A bill aimed at giving retailers more flexibility in the sale of beer and wine went under the microscope by a Pennsylvania House panel, but the chairman of the committee said a recommendation is far from official.
Members of the Liquor Control Committee took testimony this week from several Pennsylvanians intricately involved in alcohol beverage sales across the state.
The testimony is linked to state Rep. Matthew Dowling’s consumer convenience permit legislation, filed as House Bill 1644, which in its current draft calls for giving more flexibility in how grocery and convenience store owners can sell beer and wine.
“I’m passionate about the bill we’re discussing,” said Dowling, R-Uniontown. “I really believe it takes steps to modernize what many have characterized as an archaic system of liquor laws.”
Throughout the 90 minute session, state Rep. Jeffrey Pyle, R-Ford City, emphasized that the committee was, and continues to be, in an information-gathering mode.
“I’m not rubber stamping this thing,” Pyle said. “I’ve been given no command that I have to move this bill.”
As proposed, HB1644 would give greater provisions to beer and wine licensees in the grocery and convenience store spaces, who are currently required under state law to purchase a restaurant license to sell the alcoholic beverages within their premises.
Dowling’s bill in its current iteration would give grocery and convenience store operators the ability to sell beer and wine at additional registers and permit individual sales of beer containing more than 192 ounces and wine of more than 3,000 milliliters.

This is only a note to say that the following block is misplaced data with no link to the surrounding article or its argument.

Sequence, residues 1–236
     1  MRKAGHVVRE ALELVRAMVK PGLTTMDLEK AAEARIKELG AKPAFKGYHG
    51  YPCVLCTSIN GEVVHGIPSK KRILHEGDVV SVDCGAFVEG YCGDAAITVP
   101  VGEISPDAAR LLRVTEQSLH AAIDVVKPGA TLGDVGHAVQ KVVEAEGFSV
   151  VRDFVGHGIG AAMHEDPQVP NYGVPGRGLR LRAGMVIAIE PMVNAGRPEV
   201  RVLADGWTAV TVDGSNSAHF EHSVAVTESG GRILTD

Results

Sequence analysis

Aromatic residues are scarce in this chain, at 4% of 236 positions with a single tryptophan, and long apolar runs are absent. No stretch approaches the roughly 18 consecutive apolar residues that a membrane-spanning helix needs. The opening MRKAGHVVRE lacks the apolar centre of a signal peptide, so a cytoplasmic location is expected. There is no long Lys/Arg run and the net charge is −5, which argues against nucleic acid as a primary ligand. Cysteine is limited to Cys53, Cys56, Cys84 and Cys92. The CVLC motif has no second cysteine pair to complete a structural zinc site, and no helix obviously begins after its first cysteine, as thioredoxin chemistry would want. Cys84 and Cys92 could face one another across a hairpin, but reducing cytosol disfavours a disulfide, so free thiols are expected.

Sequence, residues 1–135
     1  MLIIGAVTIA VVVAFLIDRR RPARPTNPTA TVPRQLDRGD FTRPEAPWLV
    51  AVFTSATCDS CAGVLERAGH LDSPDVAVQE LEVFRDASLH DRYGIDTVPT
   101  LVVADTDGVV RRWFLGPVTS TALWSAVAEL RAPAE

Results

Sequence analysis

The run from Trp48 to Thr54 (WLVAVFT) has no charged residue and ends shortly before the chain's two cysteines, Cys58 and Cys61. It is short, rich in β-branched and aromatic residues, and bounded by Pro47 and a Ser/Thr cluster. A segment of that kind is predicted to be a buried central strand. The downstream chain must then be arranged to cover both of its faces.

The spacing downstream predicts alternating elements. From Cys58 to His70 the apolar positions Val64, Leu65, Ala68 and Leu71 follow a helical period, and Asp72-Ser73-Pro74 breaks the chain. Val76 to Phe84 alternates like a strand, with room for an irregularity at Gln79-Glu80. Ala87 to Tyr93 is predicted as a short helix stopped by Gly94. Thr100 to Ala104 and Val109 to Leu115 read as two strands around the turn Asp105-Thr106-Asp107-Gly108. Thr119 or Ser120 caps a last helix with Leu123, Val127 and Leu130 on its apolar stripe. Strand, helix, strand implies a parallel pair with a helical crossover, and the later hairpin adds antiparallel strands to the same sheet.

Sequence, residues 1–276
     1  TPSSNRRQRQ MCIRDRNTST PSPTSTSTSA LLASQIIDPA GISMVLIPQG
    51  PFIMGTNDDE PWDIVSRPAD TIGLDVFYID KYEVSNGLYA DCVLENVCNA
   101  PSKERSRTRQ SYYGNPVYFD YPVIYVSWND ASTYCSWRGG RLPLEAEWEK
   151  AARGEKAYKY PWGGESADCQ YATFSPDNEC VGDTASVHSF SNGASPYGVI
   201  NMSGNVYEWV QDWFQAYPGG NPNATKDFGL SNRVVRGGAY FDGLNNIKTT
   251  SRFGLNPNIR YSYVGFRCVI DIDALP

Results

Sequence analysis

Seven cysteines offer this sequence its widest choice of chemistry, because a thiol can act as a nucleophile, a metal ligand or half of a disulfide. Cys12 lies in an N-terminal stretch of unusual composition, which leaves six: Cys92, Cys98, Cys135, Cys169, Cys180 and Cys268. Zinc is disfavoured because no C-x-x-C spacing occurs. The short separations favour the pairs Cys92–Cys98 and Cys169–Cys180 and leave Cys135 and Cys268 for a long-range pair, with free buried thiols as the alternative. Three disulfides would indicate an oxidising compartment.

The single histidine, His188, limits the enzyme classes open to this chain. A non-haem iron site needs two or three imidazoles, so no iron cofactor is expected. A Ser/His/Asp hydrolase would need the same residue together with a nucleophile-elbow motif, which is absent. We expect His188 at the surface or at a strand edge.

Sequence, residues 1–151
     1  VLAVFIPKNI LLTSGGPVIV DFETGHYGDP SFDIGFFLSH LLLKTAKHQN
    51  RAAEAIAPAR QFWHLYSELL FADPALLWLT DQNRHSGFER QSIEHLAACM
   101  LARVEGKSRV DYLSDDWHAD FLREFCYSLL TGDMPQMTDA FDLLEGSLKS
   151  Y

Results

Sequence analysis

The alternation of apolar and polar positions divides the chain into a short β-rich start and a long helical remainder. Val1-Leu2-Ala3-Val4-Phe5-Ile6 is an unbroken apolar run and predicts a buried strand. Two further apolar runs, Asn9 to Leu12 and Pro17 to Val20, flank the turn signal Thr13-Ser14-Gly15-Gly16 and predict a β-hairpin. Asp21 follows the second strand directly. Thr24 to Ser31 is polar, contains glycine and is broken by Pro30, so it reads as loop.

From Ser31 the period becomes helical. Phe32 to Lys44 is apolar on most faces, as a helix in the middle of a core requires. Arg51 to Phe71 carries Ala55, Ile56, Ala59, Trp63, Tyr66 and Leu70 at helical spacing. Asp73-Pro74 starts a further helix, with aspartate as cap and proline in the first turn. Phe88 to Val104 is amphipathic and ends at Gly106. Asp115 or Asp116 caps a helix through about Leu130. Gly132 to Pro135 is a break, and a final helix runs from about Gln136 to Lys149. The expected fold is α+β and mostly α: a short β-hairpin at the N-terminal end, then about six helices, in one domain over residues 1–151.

Also encapsulated in HB1644 would be a provision to place beer and wine products anywhere in a store and the permissibility to hold educational or cooking classes within a store with alcoholic beverages in the mix of the event.
Most of the speakers within the industry at Tuesday’s hearing had concerns with at least some of the provisions outlined in Dowling’s bill.
Wendell Young IV, president of United Food and Commercial Workers Local 1776, said broadening the scope of permissiveness for license holders would create challenges for the approximately 10,000 employees his union represents in Pennsylvania.
“This is a logistical nightmare for enforcement,” Young said. “This is an unfair situation for grocery store employees, especially late at night.”
Arun Patel, representing the Malt Beverage Distributors Association of Pennsylvania, said he believed the legislation would adversely impact businesses holding the state’s distributor, or D, liquor license.
“It basically puts the nail in the coffin,” Patel said. “This bill does have a direct impact on the (D) licensees,” Patel said. “We do it right. We’ve been doing it for so long. To keep changing the rules for us, it’s hard.”
Pennsylvania’s Act 39, which Gov. Tom Wolf signed into law in 2016, also was discussed throughout the hearing. Act 39 offered up a series of changes on licensing and permitting in relation to alcoholic beverages across the state.
“I want to be very, very clear,” Pyle said at the end of the hearing. “We are not reopening Act 39, period … end of sentence. We are not going to repeal Act 39. Please spread the word.”